Teresa Ghilarducci on Social Security Fixes to Protect the Poorest

(Bloomberg Businessweek) -- As Congress and the president debate Covid-19 cash and bailouts for companies and workers on the front lines, elders are sidelined. I’m stunned the only proposal widely floated on Social Security was to cut taxes for employers. That’s a mistake. Social Security and pensions are a significant source of aggregate demand, especially in some regions hit hard by Covid-19. Social Security benefits are 0.003% of gross domestic product in Utah and more than 10 times that in older and poorer states like Tennessee and Maine.

There is no guarantee that Social Security’s 64 million beneficiaries will receive a Trump stimulus check. U.S. elder poverty, at about 23%, is the highest among rich nations and will rise as older workers prematurely losing jobs—and prematurely entering retirement with crashing 401(k)s that could now be called 201(k)s—face a more challenging post-coronavirus future. So here is what policymakers need to do today.

First, raise the average Social Security benefit of about $1,395 by $200, and raise the special minimum benefit for the very poorest seniors. An analysis of Senator Elizabeth Warren’s similar plan by Mark Zandi of Moody’s Analytics confirms it would cut the elderly poverty rate by about two-thirds and could be completely paid for by a payroll tax on earnings above $250,000—the workers most protected from any virus-sparked recession.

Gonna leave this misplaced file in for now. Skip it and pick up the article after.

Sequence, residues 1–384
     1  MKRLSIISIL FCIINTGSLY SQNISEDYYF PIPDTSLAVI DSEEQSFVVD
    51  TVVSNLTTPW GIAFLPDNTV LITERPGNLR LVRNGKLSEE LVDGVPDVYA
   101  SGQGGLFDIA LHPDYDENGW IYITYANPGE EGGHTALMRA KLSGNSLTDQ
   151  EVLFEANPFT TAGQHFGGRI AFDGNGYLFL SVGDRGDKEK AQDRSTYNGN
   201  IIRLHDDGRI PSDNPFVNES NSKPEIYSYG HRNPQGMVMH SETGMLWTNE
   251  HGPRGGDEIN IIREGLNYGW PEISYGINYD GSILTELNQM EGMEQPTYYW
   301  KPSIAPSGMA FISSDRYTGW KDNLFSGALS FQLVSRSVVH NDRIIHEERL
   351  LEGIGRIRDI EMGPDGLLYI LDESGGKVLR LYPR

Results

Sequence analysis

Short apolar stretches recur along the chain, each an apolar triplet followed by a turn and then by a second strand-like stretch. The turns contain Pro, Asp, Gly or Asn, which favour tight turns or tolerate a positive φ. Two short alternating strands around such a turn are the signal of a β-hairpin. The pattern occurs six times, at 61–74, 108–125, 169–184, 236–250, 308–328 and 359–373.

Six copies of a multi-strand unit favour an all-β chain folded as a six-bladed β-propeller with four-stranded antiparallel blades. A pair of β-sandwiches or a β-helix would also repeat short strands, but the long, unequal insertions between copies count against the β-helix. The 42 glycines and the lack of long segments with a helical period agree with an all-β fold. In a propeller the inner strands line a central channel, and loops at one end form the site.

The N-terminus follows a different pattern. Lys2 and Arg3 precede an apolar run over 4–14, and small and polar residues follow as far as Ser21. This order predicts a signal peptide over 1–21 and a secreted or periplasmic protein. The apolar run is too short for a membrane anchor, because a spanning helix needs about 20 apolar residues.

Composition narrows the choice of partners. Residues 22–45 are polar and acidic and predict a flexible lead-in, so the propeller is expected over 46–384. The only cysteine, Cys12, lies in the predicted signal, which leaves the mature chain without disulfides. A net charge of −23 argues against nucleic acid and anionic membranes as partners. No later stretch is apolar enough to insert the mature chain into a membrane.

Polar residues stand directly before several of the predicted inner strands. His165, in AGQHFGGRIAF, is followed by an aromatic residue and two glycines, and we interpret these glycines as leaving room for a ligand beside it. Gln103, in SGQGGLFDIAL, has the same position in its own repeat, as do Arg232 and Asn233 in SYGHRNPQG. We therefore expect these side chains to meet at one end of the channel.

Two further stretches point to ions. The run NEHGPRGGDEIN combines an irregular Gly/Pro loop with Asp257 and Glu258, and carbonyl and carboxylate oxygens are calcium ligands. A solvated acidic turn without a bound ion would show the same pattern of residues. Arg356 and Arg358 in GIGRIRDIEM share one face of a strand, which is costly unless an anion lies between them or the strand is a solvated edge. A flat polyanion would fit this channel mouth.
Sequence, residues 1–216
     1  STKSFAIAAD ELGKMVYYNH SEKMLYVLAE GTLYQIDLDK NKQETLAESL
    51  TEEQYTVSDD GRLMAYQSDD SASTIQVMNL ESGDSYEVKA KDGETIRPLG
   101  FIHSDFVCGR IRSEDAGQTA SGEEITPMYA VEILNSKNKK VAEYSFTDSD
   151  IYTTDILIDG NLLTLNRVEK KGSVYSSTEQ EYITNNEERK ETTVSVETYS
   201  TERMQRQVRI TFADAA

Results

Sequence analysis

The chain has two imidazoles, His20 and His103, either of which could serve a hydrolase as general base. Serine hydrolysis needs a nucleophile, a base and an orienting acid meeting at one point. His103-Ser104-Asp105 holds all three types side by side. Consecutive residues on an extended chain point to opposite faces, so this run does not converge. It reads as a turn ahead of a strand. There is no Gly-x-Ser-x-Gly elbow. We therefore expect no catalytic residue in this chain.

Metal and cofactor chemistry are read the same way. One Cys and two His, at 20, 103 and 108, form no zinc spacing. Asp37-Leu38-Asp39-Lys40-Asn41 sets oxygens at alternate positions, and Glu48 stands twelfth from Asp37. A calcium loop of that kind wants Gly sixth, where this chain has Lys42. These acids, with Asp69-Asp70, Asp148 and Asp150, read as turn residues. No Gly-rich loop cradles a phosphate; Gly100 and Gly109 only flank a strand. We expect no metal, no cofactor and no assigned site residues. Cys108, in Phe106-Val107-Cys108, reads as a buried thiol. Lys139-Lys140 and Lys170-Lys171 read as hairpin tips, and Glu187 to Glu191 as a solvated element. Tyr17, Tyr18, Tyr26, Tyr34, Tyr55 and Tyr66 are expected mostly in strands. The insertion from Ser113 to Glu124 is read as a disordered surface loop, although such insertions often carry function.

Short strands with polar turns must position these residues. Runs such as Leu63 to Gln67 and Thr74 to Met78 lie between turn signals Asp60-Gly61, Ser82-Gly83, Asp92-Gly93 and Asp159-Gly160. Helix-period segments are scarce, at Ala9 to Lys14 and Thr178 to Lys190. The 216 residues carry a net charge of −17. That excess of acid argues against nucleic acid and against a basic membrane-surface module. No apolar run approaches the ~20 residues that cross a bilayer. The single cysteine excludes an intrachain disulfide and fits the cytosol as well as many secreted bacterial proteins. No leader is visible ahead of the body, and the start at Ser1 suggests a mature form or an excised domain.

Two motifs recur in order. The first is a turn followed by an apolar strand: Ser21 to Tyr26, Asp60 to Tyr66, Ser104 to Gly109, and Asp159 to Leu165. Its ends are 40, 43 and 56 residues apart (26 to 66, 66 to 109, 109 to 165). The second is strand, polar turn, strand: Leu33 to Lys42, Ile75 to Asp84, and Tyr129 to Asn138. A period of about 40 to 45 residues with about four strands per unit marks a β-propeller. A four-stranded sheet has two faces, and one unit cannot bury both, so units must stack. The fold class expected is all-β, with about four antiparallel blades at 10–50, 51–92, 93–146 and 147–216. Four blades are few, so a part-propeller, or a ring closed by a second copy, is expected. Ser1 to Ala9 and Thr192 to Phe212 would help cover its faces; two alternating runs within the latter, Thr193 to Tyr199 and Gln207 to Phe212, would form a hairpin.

Teresa Ghilarducci on Social Security Fixes to Protect the Poorest

Second, more must be done to protect seniors from financial mistakes or fraud amid the virus confusion. Seniors are running scared: They are extremely vulnerable to the disease, they hear some want Covid-19 “to cull” them as a “Boomer Remover,” and they are more isolated and especially susceptible to fraud. The Obama administration’s original fiduciary rule required that all professionals advising clients on retirement accounts put clients’ interests first. That rule was killed by the Trump administration. Bringing back the fiduciary rule saves workers and seniors about $20 billion in fees and exposure to fraud.

Seniors should not be sidelined in this run for government assistance. They needed cash before the virus-cession, and their cash will help stimulate the economy.
 
Professor Ghilarducci is director of the Schwartz Center for Economic Policy Analysis at the New School for Social Research. Her latest book is Rescuing Retirement (with Tony James).

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